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In July 2002, the GSE's made an additional commitment to voluntarily register their common stock with the Securities and Exchange Commission under the Securities Exchange Act of 1934 so that both companies will become reporting companies under that law. Freddie Mac remains irrevocably committed to completing this process as soon as possible after the company's return to timely reporting.

Freddie Mac would support giving the regulator authority to ensure we carry out these important public commitments. aken together, they significantly enhance the degree of market discipline under which the GSE's operate. Robust and frequent credit and interest-rate risk disclosures, combined with the release of annual independent ratings and the issuance of subordinated debt, constitute an important "early warning system” for investors. Top Priorities for Freddie Mac

Finally, I would like to say a few words about Freddie Mac—and my top priorities for strengthening this vital company and restoring the trust of the Congress, the public, and investors. Commitment to Exemplary Accounting

Clearly, my most pressing priority is to get Freddie Mac's financials done—and done right. On November 21, 2003, the Freddie Mac Board of Directors and our management team announced the release of the company's restated and revised financial results for the years 2000 through 2002. The restatement was a significant step in Freddie Mac's progress toward achieving accurate and timely financial reporting. The company will issue its annual report for 2002 on Friday, February 27, 2004 and hold the related annual stockholders' meeting on March 31, 2004.

As for 2003 and beyond, we are currently working around the clock with the objective of releasing quarterly and full-year 2003 results by June 30, 2004 and to provide the 2003 annual report and hold the related stockholders' meeting as soon as possible thereafter.

I am also focused on ensuring that these problems do not happen again. I am pleased to report that, under the guidance of our Board of Directors, Freddie Mac is building an environme that will allow us to provide comprehensive and understandable information about our company, incorporating the highest level of financial transparency, accounting controls, compliance, and professional standards. Our aim is not simply to meet what is required but to become a model of financial excellence.

We have added over 100 professionals in the accounting, reporting, and control areas, including a significant number of new officers and senior managers. We have also retained leading experts in the areas of public disclosures and corporate governance to assist the company in designing and implementing processes and practices in these areas. In October 2003, we hired a Senior Vice President—Chief Compliance Officer who is responsible for overseeing Freddie Mac's compliance with policies, procedures and practices, including compliance with laws and regulations. Additionally, in October 2003, we created the position of Chief Enterprise Risk Officer. Both of these positions currently report directly to me.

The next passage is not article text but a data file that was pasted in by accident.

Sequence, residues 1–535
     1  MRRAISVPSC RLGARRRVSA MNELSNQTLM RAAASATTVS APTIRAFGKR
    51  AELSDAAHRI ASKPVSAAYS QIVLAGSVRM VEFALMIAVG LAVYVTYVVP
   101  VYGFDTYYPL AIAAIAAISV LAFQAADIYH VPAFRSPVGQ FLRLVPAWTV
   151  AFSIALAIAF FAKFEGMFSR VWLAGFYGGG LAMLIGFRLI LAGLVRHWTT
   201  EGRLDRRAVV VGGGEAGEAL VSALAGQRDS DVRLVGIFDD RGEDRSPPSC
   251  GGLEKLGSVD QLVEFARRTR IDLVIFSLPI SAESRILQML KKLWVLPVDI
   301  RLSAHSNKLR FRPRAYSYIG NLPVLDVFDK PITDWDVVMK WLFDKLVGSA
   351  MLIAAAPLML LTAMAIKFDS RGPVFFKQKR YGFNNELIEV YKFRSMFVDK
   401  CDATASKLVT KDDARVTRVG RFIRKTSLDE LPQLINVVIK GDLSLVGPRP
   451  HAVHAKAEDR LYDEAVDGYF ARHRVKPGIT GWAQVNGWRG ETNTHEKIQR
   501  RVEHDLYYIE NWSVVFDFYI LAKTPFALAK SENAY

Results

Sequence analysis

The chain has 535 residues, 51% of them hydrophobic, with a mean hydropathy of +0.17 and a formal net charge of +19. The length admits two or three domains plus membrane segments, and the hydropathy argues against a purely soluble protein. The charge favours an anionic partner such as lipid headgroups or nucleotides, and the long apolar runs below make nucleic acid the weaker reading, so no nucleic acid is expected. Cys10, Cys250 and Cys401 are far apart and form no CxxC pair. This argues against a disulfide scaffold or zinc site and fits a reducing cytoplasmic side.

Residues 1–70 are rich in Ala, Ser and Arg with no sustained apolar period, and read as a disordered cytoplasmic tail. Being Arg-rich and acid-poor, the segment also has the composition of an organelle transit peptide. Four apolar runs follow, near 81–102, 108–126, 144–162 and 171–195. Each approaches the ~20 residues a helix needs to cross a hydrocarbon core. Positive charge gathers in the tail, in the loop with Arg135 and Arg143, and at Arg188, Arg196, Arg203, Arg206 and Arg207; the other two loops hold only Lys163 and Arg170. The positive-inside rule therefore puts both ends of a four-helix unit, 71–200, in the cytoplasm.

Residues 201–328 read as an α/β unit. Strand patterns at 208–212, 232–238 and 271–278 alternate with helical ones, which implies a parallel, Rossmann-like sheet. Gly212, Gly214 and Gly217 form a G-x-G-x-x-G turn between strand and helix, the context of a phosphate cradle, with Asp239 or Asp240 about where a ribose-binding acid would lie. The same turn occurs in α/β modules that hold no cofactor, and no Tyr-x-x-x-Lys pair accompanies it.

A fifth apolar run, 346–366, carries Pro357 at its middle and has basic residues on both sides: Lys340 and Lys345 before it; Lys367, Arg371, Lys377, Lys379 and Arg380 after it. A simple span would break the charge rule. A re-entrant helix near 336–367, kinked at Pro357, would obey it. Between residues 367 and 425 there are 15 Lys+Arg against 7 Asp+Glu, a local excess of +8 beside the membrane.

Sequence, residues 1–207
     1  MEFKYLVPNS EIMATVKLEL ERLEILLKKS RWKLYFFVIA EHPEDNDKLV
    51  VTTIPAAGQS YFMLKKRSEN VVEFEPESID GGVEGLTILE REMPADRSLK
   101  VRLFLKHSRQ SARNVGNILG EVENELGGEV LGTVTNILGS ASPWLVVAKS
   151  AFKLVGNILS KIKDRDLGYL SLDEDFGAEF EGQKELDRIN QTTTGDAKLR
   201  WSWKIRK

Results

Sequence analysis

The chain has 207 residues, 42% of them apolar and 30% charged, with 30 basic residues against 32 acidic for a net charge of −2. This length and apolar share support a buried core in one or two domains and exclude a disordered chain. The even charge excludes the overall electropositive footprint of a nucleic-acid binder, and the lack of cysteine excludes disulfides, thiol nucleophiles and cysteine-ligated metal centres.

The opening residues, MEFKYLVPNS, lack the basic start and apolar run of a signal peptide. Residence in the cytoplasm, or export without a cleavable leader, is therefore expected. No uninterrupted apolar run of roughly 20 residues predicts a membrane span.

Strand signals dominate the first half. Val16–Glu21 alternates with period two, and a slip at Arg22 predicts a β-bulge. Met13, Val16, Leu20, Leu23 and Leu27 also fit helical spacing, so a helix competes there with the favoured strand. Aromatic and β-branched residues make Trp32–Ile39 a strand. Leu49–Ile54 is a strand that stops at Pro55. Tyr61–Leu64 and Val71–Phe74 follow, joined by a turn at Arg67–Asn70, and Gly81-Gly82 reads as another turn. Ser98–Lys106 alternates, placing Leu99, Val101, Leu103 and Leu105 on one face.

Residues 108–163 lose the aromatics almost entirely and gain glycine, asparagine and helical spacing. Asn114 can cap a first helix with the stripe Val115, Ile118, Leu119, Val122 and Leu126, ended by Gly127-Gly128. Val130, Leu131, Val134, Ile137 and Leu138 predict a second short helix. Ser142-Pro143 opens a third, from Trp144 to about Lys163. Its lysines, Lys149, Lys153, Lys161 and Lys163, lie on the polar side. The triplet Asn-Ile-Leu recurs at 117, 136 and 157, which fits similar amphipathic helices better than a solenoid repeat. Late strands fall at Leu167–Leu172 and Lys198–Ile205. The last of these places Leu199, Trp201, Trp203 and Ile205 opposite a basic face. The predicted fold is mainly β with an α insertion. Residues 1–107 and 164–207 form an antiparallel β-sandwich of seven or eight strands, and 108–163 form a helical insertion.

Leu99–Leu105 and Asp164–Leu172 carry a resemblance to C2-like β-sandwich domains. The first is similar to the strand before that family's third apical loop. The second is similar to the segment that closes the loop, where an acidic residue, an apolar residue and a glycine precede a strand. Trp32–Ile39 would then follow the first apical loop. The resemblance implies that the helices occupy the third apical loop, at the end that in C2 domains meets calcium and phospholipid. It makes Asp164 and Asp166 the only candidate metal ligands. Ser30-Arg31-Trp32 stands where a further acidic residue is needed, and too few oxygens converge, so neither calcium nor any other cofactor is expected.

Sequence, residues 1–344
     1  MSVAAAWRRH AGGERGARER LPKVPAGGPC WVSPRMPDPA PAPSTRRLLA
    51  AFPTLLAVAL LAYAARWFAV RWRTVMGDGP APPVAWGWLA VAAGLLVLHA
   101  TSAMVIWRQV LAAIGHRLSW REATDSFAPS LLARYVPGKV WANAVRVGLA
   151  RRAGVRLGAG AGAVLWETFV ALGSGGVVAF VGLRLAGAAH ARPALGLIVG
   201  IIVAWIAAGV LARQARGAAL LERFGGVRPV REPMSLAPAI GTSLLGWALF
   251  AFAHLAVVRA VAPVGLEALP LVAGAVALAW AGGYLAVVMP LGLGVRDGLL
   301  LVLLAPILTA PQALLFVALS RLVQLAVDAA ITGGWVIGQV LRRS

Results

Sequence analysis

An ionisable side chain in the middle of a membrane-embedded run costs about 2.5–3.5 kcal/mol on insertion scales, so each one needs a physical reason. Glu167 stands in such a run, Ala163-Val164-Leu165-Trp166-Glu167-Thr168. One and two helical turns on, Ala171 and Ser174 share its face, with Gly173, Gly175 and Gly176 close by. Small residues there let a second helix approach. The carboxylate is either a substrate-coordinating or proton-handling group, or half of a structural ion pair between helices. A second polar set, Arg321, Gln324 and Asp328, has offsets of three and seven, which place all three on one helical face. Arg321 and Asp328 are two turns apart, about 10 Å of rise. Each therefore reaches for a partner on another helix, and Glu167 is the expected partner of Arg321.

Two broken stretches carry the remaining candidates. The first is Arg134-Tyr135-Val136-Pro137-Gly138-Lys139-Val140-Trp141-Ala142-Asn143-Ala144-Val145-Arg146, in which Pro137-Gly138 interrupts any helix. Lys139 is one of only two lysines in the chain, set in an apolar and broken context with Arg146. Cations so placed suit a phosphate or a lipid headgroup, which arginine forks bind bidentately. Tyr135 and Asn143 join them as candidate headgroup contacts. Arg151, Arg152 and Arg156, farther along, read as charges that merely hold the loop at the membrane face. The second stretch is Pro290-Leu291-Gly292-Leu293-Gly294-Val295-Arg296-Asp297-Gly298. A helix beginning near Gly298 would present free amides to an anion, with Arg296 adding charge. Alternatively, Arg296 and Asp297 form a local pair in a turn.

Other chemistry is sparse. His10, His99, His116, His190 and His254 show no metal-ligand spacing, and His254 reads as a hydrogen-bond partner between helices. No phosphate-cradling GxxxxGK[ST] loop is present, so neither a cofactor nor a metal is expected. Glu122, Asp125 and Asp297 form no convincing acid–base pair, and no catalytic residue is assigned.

We are also working to create and implement new infrastructure and systems to ensure the quality, integrity, transparency, and timeliness of our financial reporting.

Finally, we have taken steps to ensure that Freddie Mac's corporate culture promotes integrity, high ethical standards, and the importance of compliance. Virtually all of our employees have completed a corporate-wide training program on the company's Code of Conduct and the provisions of the Act sponsored by Senator Sarbanes and Chairman Oxley.

The scope of these activities is wide and deep. I was deeply involved in the transformation of a Fortune 500 company before, and I am committed to doing it again. Freddie Mac is on the path to becoming a new and better company. Enhanced Commitment to Mission

My second priority is to renew and expand the company's commitment to mission. It is a great honor to be the leader of a company that has an explicit mission to do good things for society. There are very few publicly owned companies that have such a “higher calling”-and, as a Nation, we should work to make them better, as is the Committee's intent.

The special privileges that flow from the GSE charter entail special responsibility. While the annual affordable housing goals are an important component of our mis. sion to expand mortgage market accessibility, I view the goals more as a threshold than a ceiling. I am particularly focused on the housing finance needs of minority consumers. The homeownership rate for African-Americans is 48 percent and 47 percent for Hispanics. We must do better—and we will.

When I was at the Federal Reserve Bank of Boston, I oversaw one of the first major research projects looking at discrimination in mortgage lending. That research led to calls for greater objectivity in mortgage underwriting-and eventually to the birth of automated underwriting. Automated underwriting systems, such as Freddie Mac's Loan Prospector®, have played a critical role in expanding minority borrower access to mortgage markets. Now Freddie Mac is looking at ways to integrate nontraditional credit variables into automated underwriting. It won't be easy—but neither was creating the first mortgage-backed security, which is now widely traded around the world.